Wilson picks up a copy of “Why Golf Matters” while riffling through a bookshelf in the house of his former in-laws.
Perplexed, he quips, “I feel like I’m doing field work among the natives.”
Such is the fate of this oddball outcast, who has made it to middle age unable to connect with people, completely removed from the realities of his Minnesota surroundings.
The drifting character study “Wilson,” based on a graphic novel by Daniel Clowes (“Ghost World”), follows the profane recluse as he attempts to reach out to anybody who will listen. The result is an uneven, often aggressively unlikable tale of awkward folks making rotten decisions.
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Sporting thick black glasses and a graying beard, Wilson (a dedicated Woody Harrelson) resides above a karate dojo in a gentrified neighborhood. His place is filled with vinyl albums and videotapes. His only companion is a beloved wire fox terrier.
Desperate to bond, Wilson often starts up intrusive conversations. He sits right next to the only other person on a commuter train. Or the lone customer at a restaurant. Or the sole occupant at a bank of urinals.
This approach never quite works like he plans.
“Modern civilization is a scam,” he declares, droning on about the evils of suburbia, technology and/or privilege.
But the death of his father prompts Wilson to emerge from his uncomfortable comfort zone and hunt down ex-wife Pippi (Laura Dern), who left him for a life of drug abuse and hooking. Through her, Wilson discovers he actually has a teenage daughter (Isabella Amara) given up for adoption.
A connection at last?
Directed by Craig Johnson (who helmed the superior “The Skeleton Twins”) and written by Clowes, “Wilson” epitomizes the type of gruff indie that hipster critics might champion but traditional audiences find unbearable. The Sundance effort isn’t funny enough to qualify as a comedy and too misanthropic to warrant our empathy.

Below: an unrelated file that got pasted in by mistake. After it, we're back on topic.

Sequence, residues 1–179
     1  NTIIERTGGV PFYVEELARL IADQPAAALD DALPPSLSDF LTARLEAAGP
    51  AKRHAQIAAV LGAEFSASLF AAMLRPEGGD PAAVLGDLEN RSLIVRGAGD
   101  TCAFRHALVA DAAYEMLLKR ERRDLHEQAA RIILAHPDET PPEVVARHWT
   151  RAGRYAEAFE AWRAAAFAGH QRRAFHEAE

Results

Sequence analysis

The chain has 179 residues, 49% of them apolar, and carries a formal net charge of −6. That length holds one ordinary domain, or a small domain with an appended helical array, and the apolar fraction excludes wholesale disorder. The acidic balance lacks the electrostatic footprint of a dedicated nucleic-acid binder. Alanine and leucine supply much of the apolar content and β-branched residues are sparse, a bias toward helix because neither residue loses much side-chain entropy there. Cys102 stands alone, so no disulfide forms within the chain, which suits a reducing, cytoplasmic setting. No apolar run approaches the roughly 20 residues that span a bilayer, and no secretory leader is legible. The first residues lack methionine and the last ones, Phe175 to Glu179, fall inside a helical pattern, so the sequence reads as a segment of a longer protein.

Harrelson and the always watchable Dern fight valiantly to hold our attention. And they often do because they unearth the reality amid the loneliness and misery. But what’s “real” isn’t necessarily interesting.
Clowes’ scrutiny of sour outcasts sparkled in “Ghost World.” But that 2001 Oscar nominee (for screenwriting) thrived because its central characters were talented yet misunderstood. We cared about them, admired them. Not so with Wilson. The man doesn’t serve any function. (How does he earn a living, by the way?) He’s simply a chronic complainer. More like an internet troll than an individualist.
His only relationship that offers any dramatic weight is with his daughter, Claire, who looks like a dumpier version of Thora Birch’s emo-styled Enid from “Ghost World.” He battles so hard to get this withdrawn, phone-addicted high-schooler to take notice of him that we can’t help but hope the union flourishes.
Perhaps the most fun that can be extracted from this downer project is to create a drinking game: Swig whenever another character says “Wilson.” For a stretch, that seems to happen in every sentence, as if we need to constantly be reminded what movie we’re watching.
Of course, that’s exactly the type of game Wilson himself would hate.
(At Glenwood Arts, Studio 28, Tivoli.)
Jon Niccum is a filmmaker, freelance writer and author of “The Worst Gig: From Psycho Fans to Stage Riots, Famous Musicians Tell All.”
Rated R. Time: 1:34.